Like many companies, as we scrambled to sort out what production was feasible and what demand could be met, we quickly realised that regular communication with clients, vendors, government bodies and employees would have to take centre stage.
Lines of communication were opened across the entire supply chain to sanity check the plans for running the plant and to ensure optimum capacity utilisation. This was followed by the development of a plan to fulfil raw material requirements.
We focused on the immediate needs and made sure supplies were available to ensure a continued and prioritised supply for critical drugs. Daily reviews with suppliers regarding the status of material were also set up to minimise delays.
We leveraged information-sharing platforms to provide continued support to vendors and transporters. Several new processes, such as daily updates to the leadership team on operational, SCM, IT and communication effectiveness, were minted to complement the existing ones to prepare for contingencies, which proved to be hugely useful.
We also conducted weekly meetings with top suppliers and customers from across the world. These meetings were regularly co-ordinated by the heads of sales in each region.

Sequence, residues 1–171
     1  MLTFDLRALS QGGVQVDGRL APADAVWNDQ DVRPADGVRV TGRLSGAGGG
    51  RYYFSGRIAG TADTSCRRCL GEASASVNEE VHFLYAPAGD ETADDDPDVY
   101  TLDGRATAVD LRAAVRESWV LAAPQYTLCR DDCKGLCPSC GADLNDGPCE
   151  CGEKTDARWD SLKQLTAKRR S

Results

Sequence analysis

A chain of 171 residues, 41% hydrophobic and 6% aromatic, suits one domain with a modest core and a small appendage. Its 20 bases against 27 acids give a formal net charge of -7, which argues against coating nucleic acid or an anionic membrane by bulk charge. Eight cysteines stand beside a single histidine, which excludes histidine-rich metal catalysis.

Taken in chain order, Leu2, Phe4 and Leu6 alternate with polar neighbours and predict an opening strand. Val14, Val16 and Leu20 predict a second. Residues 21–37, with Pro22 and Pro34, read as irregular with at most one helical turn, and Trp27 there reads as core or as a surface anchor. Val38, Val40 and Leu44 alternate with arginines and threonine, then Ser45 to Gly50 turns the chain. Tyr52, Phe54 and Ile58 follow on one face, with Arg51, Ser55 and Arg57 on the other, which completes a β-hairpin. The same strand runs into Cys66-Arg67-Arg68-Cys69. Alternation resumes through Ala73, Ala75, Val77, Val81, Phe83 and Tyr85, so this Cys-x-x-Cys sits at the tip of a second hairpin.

Digitisation of the supply chain and implementation of clear communication strategies helped us to counter and even offset future issues. We are currently focusing on best sales practices for the “New Business world.”
We believe that B2B selling will never stagnate and we need to think of innovative ways to break through and make quality connections with customers. We also understand that customers’ time is valuable; as such, we’re trying to become a solution-based supplier in these difficult times.
To overcome the challenges thrown by the pandemic, businesses will need to ensure fast, secure communication between suppliers and clients, as well as create a sound communication channel within the company that includes leadership, management and on-the-ground staff.
For us, the logistics department played a critical role in the transportation and handling of deliveries. We understood early on that flexibility was essential and resources should be directed towards finding alternate solutions when, for example, certain vendors couldn’t provide the services or goods required for continued production.
We introduced back-ups and new vendors into the system when the supply chain was broken.